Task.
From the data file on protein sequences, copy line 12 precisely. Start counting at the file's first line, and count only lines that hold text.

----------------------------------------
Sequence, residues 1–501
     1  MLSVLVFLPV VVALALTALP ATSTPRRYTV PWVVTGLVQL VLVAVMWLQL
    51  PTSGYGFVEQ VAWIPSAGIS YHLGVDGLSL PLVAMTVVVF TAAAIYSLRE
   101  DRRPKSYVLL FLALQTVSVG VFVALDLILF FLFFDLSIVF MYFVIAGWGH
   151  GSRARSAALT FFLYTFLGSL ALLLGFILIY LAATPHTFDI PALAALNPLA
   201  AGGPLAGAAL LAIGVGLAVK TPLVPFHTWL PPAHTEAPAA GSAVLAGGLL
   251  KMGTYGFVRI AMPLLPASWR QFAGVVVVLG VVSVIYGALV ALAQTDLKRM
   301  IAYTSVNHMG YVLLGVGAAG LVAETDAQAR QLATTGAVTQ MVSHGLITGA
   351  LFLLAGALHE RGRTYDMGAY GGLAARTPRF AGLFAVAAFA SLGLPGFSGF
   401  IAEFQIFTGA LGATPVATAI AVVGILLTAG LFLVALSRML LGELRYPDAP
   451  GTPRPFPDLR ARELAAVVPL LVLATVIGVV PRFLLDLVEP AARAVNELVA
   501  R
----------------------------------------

   501  R